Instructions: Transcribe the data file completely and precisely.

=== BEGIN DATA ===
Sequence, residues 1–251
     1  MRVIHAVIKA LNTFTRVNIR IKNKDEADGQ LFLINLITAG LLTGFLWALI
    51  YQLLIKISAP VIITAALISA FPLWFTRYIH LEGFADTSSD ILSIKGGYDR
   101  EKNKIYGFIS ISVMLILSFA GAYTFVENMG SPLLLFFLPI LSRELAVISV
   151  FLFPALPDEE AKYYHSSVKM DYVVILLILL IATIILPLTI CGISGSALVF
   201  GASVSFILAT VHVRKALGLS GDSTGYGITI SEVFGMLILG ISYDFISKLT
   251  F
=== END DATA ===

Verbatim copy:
Sequence, residues 1–251
     1  MRVIHAVIKA LNTFTRVNIR IKNKDEADGQ LFLINLITAG LLTGFLWALI
    51  YQLLIKISAP VIITAALISA FPLWFTRYIH LEGFADTSSD ILSIKGGYDR
   101  EKNKIYGFIS ISVMLILSFA GAYTFVENMG SPLLLFFLPI LSRELAVISV
   151  FLFPALPDEE AKYYHSSVKM DYVVILLILL IATIILPLTI CGISGSALVF
   201  GASVSFILAT VHVRKALGLS GDSTGYGITI SEVFGMLILG ISYDFISKLT
   251  F